Armenia." To justify a more intensive engagement with Armenia, the US
    and NATO are more likely to look for advances in democracy building
    and rule of law than in military policy.

    Another stumbling block to the establishment of a healthy
    NATO-Armenia relationship is Armenia's lack of diplomatic relations
    with its NATO neighbor, Turkey. But, here, too, Oskanian suggested an
    opportunity for change. In his speech, Oskanian exhorted Turkey to
    "take the lead" in furthering Euro-Atlantic engagement with the South
    Caucasus by normalizing relations with Armenia and opening its
    lengthy border.

    Oskanian disputed claims that normalization would require Turkish
    concessions, specifically the recognition of the 1915 Armenian
    genocide and border adjustments. The foreign minister declared that
    while it is Armenia's "moral obligation" to raise the genocide issue,
    "recognition is not a precondition" for diplomatic relations. When
    asked about potential Armenian irredentist claims, Oskanian noted
    that all such issues could be adequately addressed in the protocols
    that accompany the establishment of diplomatic relations.

    Turkey, however, insists that Armenia make progress in resolving its
    conflict with Azerbaijan over Nagorno-Karabagh before any
    normalization of its relations with Yerevan occurs. [For background
    see the Eurasia Insight archive].

    On this, the long-standing bug-bear of Armenian foreign policy,
    Oskanian offered cautious cooperation at best. Oblique references
    were made to existing efforts with Azerbaijani Foreign Minister Elmar
    Mammadyarov, with whom Oskanian met in Prague on June 22, to devise a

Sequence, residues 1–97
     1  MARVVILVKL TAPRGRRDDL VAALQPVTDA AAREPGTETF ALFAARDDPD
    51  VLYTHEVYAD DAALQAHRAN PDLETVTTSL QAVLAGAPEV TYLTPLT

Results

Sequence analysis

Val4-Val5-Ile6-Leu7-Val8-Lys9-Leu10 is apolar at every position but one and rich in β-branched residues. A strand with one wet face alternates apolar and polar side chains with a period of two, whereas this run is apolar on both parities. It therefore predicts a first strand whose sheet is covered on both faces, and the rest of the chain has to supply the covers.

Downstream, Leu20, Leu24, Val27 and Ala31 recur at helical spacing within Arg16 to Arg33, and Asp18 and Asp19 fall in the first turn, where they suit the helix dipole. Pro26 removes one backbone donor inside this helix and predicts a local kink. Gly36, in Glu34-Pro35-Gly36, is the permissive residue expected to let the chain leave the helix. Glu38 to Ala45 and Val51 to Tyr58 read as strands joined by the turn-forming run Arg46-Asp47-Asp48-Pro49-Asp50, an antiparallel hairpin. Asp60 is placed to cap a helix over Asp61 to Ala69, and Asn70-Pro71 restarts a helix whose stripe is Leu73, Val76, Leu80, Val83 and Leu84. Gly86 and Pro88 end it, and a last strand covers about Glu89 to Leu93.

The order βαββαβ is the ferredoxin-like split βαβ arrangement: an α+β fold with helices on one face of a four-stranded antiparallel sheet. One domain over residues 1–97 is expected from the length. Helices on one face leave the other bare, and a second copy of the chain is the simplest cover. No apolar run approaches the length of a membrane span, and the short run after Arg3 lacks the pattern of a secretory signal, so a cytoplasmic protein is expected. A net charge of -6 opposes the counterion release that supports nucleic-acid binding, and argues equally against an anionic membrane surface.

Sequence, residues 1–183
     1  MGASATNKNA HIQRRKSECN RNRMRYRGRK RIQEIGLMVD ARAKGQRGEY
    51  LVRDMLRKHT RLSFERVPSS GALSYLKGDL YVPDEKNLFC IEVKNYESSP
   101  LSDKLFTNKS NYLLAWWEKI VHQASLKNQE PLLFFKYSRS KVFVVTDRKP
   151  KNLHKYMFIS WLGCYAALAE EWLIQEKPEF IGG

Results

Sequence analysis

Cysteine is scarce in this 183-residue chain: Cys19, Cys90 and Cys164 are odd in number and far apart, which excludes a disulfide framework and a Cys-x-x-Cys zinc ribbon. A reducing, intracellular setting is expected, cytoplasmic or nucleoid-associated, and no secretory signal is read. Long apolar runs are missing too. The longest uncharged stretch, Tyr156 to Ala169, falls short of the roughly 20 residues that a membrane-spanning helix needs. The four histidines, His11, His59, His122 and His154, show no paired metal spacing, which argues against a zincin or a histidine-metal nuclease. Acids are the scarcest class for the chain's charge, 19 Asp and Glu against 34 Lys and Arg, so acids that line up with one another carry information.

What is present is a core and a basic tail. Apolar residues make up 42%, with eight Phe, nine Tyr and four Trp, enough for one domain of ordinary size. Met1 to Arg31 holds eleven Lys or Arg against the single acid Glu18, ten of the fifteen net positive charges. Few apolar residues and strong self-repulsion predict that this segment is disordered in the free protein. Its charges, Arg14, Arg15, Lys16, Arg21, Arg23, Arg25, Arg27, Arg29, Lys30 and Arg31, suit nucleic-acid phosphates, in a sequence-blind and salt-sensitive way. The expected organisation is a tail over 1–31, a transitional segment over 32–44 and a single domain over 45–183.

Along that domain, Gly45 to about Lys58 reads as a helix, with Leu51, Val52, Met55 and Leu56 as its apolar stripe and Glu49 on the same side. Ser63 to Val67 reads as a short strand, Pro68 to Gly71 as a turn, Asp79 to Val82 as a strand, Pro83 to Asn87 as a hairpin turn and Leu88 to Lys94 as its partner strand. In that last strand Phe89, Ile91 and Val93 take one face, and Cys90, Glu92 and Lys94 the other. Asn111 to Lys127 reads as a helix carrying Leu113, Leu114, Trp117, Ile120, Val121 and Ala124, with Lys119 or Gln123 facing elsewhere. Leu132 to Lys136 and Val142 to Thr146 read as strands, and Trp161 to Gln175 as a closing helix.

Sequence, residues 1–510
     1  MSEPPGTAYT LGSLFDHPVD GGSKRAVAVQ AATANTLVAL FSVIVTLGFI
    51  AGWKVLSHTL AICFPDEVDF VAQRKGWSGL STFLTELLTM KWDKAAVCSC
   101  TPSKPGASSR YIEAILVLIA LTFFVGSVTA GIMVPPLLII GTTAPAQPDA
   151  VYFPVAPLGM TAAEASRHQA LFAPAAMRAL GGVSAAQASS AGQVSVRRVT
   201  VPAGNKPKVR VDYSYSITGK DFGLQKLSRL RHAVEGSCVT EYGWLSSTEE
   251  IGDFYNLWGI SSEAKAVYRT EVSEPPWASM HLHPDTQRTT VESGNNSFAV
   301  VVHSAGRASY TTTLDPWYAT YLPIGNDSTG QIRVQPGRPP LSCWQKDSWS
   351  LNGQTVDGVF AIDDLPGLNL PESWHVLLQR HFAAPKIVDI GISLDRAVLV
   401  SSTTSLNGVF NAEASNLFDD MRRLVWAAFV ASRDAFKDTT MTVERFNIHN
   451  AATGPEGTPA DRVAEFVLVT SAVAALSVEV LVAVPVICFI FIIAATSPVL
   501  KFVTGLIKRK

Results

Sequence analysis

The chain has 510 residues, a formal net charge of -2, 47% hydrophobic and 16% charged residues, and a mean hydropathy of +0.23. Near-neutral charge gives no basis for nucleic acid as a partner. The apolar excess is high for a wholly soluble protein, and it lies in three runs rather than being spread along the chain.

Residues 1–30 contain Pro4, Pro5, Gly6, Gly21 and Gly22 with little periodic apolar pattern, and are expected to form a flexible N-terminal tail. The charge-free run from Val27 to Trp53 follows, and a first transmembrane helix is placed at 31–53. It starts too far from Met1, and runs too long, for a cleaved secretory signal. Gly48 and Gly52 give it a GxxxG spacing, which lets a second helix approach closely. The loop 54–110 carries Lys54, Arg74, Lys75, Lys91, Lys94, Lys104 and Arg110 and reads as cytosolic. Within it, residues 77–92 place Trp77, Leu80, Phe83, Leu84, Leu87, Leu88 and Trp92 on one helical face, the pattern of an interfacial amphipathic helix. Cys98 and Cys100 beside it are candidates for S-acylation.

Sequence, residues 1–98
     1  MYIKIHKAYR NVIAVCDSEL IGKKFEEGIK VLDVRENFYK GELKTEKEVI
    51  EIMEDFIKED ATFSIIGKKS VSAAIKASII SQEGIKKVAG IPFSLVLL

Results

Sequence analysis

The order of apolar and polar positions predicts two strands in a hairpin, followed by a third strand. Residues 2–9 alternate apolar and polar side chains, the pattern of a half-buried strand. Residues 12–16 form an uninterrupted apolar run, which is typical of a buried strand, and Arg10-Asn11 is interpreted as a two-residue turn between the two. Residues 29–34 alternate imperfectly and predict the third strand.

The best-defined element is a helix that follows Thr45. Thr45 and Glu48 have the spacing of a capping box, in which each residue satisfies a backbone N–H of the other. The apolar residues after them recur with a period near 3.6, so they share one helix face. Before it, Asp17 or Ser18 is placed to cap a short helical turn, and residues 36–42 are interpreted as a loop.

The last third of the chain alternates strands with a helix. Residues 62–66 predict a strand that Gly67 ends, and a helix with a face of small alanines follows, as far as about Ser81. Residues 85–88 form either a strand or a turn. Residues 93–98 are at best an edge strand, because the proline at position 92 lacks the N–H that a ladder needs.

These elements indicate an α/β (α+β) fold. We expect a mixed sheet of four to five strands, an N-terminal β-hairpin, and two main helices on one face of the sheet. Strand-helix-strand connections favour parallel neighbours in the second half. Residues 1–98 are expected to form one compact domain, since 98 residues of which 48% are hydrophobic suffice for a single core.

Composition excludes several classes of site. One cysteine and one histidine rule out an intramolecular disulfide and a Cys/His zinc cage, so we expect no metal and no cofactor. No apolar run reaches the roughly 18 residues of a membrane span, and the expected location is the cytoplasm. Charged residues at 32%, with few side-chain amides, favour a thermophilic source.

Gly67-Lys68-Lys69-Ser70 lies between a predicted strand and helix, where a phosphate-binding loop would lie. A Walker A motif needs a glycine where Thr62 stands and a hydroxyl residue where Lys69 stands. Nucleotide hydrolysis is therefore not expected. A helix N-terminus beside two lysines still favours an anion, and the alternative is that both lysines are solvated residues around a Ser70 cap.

two-track conflict resolution plan that would simultaneously define
    Nagorno-Karabagh's political status and set out a clear timetable for
    Armenia to withdraw from occupied Azerbaijani territories and for the
    resettlement of Azerbaijani internally displaced persons.

    Without specifying the exact political status Armenia seeks for
    Nagorno-Karabagh, Oskanian instead referred to the "principles"
    established in negotiations between Armenian President Robert
    Kocharian and the late Azerbaijani President Haidar Aliev in Key
    West, Florida in 2001. Armenia insists these involve Azerbaijan's
    surrender of sovereignty over Nagorno-Karabagh in exchange for
    Armenia's withdrawal from most of the occupied territories and the
    establishment of a road link across Armenia connecting the
    Azerbaijani exclave of Nakhichevan to the rest of Azerbaijan.
    Oskanian attributed Azerbaijani denials that any such principles had
    been established to Azerbaijani President Ilham Aliev's fragile hold
    on power.

    For Oskanian's vision to come to pass, however, a tremendous amount
    of effort from Armenia's friends, and, even, adversaries and
    political opponents, must be made. Most importantly, his vision of
    dialogue, development, and peace must be promoted, not only by the
    Foreign Ministry, but by the powers that rule Armenia today.


    Editor's Note: Cory Welt is a Fellow in the Russia and Eurasia
    Program at the Center for Strategic & International Studies.


  2. #2
    Registered User
    Join Date
    Aug 2004
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    3
    There is still too much corruption in Armenia. It will take, at least, another 15 years to get the correuption out.